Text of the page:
53. What many attendees at 61-Across 43. Colorful rug then on the floor. What does the mother never know.
were doing 46. Poseidon, to the Romans do? Do I really need to tell you? And even though I really wanted to go
56. Quick card game 47. Cut in thirds Now before graduation, when the over to the mom and give her the used
57. Jean who was the abba of Dada 48. Jamaica ___ (Queens neighborhood) room was being set up and everyone candy and “nose-covered” cookies, I
58. Blackens, in a way 50. Run well, as an engine
not setting up was supposed to be at the decided to keep my mouth shut (sur-
60. Org. that will check you out after you 51. Pave the way for
check in? 52. Indian city often used in crosswords actual graduation, there was a mom, prising, right?) And let the kids enjoy
61. Historic Hebrew Union College event 54. One of a notable seven from Israel dad, and little boy running around the their newfound freedom amongst all the
that occured on July 11, 1883 55. Home of the world’s first ghetto room. The little boy was screaming, adults. Because it is best to stay a kid for
66. Equal 59. Social climber, often the parents were chasing after him, it as long as humanly possible and that is
67. Little brook 61. Medicinal amt.
was tons of fun. Well, for me anyway, the truth. And even a real judge will tell
68. 1/8 cup 62. Habayit preceder
69. Cowboys and Indians, e.g. 63. Melodramatic, in slang because it wasn’t my kid. But then the you that…
70. Hog hang out 64. Like many an action star little cutie ran right into the edge of the
71. Schrute Farms vegetable 65. ““___ pasa?”” table because the parents were just let- Banji Ganchrow of Teaneck is trying to
ting him do whatever he wanted, and figure out how to pack her kids for camp
The solution to last week’s puzzle is on page 39 he started screaming at the top of his when no one will give her a straight
lungs, and there was blood. “Can we answer about anything.

32 JEWISH STANDARD JUNE 22, 2018


Arts & Culture
Dreaming of America
Camryn Manheim matches the words and emtions to immigration

Ellis Island cast of actors, from left, Lesley Fera, Samantha Sloyan, Kira Sternbach, Camryn
Manheim, Barry Bostwick, Lucas Near-Verbrugghe, and Michael Nouri on stage for Pacific
Symphony’s “Ellis Island: The Dream of America” by composer Peter Boyer. JOSHUA SUDOCK

CURT SCHLEIER interpret them, and bring them to life. coming from a family of immigrants. those words coming from poor immigrant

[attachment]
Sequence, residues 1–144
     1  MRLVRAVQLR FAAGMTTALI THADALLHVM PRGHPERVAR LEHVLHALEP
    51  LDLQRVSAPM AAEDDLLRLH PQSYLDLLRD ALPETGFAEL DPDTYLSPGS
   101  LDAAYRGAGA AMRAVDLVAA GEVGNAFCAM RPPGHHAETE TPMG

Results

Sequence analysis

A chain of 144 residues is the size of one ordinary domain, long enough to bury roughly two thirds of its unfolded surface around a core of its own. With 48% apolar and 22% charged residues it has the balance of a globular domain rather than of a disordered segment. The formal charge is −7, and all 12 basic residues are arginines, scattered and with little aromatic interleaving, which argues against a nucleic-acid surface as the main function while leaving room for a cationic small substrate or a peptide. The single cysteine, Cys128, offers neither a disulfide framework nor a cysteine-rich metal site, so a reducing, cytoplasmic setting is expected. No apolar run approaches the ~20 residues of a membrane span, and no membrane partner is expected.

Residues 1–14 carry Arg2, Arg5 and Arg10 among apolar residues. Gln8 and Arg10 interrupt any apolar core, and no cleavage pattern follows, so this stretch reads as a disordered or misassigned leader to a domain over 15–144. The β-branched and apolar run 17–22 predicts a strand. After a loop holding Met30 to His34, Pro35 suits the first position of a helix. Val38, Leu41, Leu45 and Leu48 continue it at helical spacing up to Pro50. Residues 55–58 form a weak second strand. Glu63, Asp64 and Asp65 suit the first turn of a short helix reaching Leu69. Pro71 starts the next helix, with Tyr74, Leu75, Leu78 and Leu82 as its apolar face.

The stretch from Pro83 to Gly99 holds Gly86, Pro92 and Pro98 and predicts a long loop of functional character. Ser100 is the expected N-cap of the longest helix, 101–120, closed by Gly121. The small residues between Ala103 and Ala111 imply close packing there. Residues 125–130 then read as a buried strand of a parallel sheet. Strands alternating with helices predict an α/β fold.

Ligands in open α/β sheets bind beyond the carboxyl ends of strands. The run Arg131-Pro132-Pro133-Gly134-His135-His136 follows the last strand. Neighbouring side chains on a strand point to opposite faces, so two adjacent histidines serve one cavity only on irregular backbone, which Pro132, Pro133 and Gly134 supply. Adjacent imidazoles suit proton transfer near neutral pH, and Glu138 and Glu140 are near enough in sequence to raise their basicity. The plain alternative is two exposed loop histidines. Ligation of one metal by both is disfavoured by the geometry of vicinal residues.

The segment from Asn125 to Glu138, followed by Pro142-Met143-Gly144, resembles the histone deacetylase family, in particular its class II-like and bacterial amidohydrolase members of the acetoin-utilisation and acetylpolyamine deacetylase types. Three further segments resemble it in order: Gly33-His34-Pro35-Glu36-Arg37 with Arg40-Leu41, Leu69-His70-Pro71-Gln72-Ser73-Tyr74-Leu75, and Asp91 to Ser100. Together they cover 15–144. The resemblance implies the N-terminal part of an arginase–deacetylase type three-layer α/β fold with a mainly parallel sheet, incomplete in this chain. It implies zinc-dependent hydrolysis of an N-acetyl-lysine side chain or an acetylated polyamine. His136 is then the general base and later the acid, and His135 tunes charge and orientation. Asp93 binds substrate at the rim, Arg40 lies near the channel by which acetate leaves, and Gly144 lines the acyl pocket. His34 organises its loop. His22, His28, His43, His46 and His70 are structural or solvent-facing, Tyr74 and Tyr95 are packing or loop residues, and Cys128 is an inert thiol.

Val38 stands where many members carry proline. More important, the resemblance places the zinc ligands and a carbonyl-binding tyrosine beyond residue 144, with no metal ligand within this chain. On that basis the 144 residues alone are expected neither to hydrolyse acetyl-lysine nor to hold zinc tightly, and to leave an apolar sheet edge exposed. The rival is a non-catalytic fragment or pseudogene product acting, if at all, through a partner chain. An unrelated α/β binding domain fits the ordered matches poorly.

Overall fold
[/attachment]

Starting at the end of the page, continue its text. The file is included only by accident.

C
Although it probably isn’t surprising “They gave me that passage and asked children in a new land.”
amryn Manheim held it together, to people familiar with Boyer’s work, if I would be comfortable reading it. I She pauses for a second before
but viewers of the latest install- the three elements of “Ellis Island” are loved it. I loved being able to tell a story continuing: “I’m getting emotional just
ment of PBS’s magnificent Great exceptionally well integrated; like a so emotional with the backdrop of a thinking about it now.”
Performances series may not. perfectly machined motor, the pieces fit symphony. Manheim’s maternal grandparents came
The latest installment of the long- together smoothly. Equally impressive “I remember, we all got together the through Ellis Island. “Their names are
running series is a presentation of are the comments of these immigrants, day of the performance and waited in the probably displayed on the wall there,” she
Peter Boyer’s “Ellis Island: The Dream essentially uneducated people, proving wings. We walked out one by one, and it said. She was born in Caldwell and raised
of America,” a multimedia Grammy- you don’t need schooling to acquire was just a tidal wave of emotions. I can’t in a very secular — as she calls it, Jew-ish —
nominated composition that is among wisdom and common sense. really explain it to you, because I never family on the West Coast.
the most popular contemporary classical None more so than Manheim’s felt anything like it before: the power of Ironically, she and her siblings (she has
pieces in the symphonic repertoire. Katherine Beychok, who came to America a sister and brother) are more observant